It's very convenient and potentially fast to query for entities with specific shared components but it can be faster to use IComponentData and just search through the components.
    It depends on how many different shared component values and entities you end up with.
     
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  12. Mrb83

    Mrb83

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    Thanks for clarifying.
     
  13. DrabaL

    DrabaL

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    My understanding is that entities are stored entirely within one of the chunks belonging to their archetype.
    What happens when an entity is larger than a single chunk?
    How are entities with lots of data/arrays handled in general(or is having them a sign of a fundamental problem)?
    Just starting off with ECS so excuse me if I'm missing something obvious :)

    Does anyone know of a relatively new pure ECS demo with a bit more complexity than boids?
     
  14. Joachim_Ante

    Joachim_Ante

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    >What happens when an entity is larger than a single chunk?
    Unity throws an exception. I am not sure how you would create a single entity with more than 16kb of data on it.

    Do note that DynamicBuffer<> elements allocate memory outside of the chunk when it exceeds the default capacity. (Which is generally recommended to be quite small)
    Thus most of such large array data will not be located in the chunk itself.
     
  15. sngdan

    sngdan

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    Are or will we be able to set a custom chunk size for a particular archetype?
     
  16. AndesSunset

    AndesSunset

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    I believe Unity has said no. Chunks are always the minimum standard size of an L1 or L2 cache (can’t remember which atm).

    Sizing up a chunk could make it unable to entirely fit in the cache on some CPUs. Sizing it down...probably wouldn’t be a problem, but I can imagine Unity not considering this a common case. What are you aiming to do?
     
  17. sngdan

    sngdan

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  18. Joachim_Ante

    Joachim_Ante

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    A cache line is 64 bytes large on most platforms. So no that is not the case.

    We are looking at supporting different sized chunk sizes at some point. We haven't decided on exactly how yet.
     
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  19. gebbiz

    gebbiz

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    It would be great to be able to somehow specify a modifier at IComponentData level so that any archetype with the component would increase/decrease the chunk size. I have a use case where entities with a specific component will be quite large but depending on some other components there will either be thousands or just a few entities per archetype.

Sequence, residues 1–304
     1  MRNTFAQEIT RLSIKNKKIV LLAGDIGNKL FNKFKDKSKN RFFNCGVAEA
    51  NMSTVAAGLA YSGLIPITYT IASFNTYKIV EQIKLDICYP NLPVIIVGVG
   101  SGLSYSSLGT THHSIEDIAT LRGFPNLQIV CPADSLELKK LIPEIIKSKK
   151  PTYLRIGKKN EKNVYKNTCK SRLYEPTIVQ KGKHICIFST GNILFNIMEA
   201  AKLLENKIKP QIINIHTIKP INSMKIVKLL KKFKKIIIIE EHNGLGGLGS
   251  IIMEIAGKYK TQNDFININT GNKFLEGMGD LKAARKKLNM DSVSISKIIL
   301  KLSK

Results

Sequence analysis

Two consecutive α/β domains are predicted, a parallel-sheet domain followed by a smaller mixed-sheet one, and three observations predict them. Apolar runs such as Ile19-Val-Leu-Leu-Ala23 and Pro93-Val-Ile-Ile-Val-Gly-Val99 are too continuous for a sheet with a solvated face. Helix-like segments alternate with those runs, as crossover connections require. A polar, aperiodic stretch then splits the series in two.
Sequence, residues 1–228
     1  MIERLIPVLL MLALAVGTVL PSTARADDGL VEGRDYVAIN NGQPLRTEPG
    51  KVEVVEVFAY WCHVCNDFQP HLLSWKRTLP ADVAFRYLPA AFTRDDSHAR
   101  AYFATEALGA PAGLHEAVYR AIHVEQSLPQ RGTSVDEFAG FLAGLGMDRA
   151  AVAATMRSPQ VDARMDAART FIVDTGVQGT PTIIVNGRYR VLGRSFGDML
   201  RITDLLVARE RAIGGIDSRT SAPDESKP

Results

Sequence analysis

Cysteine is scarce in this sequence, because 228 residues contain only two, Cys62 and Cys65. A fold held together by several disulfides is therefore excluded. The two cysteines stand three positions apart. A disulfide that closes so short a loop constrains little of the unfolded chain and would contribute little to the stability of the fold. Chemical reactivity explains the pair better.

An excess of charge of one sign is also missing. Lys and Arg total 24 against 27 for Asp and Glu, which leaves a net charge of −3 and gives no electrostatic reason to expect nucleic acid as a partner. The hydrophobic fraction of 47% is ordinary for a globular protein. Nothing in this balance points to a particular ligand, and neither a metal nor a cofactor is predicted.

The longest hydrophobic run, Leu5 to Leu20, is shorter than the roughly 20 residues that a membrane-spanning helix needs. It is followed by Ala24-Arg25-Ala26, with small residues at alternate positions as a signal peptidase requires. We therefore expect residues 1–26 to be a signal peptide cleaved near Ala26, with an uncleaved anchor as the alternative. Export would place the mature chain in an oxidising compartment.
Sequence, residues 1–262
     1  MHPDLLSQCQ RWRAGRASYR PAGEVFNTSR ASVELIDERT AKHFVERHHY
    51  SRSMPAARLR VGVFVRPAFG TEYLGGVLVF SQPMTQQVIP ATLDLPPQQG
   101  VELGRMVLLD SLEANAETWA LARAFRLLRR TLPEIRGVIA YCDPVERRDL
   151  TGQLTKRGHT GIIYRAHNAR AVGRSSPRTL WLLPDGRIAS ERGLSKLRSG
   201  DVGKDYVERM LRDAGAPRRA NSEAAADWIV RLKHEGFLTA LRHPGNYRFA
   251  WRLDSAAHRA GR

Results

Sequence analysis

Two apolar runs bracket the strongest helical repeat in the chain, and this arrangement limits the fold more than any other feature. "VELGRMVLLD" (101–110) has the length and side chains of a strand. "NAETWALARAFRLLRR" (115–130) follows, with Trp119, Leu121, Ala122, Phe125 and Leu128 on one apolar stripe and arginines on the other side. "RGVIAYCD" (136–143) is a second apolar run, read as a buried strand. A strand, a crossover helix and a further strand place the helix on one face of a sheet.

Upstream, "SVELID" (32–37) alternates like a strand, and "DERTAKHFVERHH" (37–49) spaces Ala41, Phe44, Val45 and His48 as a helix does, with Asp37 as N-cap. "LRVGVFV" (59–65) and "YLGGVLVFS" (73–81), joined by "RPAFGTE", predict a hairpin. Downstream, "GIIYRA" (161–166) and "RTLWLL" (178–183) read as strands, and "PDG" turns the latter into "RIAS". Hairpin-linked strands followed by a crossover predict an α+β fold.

20. old_man_willow

    old_man_willow

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    Could this DynamicBuffer be used to store joint transform matrices for a pose component, for example? Where in memory is the allocation outside of the chunk, and what are the performance implications of this? Is there a more efficient way to compute poses?

    Sorry, I'm new to Unity :(.
     
  21. justaguygames

    justaguygames

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    Apologies for reviving an old thread but I'm very interested in understanding the internals. I've tried to follow as much as I can through the source but a lot of it is somewhat low level.

    Chunks are created in memory for a set amount of entity archetypes, when you create a new entity it gets an id but also has some other int that defines its index in the array. I'm just wondering how you pack the data and keep it from having gaps (for the entities.Foreach() iteration to be fast), but then also make it possible to get data for specific entities based on id.

    I was considering sparsesets to map ids to dense arrays in my ecs implementation (just trying to understand concepts by doing), but it seems you have no need for sparse sets.
     
  22. DreamingImLatios

    DreamingImLatios

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    EntityComponentStore.cs and EntityInChunk.cs is where to look for this information. There's essentially two different data structures going on. There's the chunks which hold all the components to the entities. The order the entities show up in a chunk has no relationship to the index field of an entity. Then there are a set of parallel arrays where for each entity index, there is a version, a chunk pointer, and an index in the chunk. This is effectively the most perfect of perfect hashmaps where the key is an Entity whose hashcode (index in this context) is the exact index in the hashmap and whose value is the location of the entity's data inside the chunks data structure.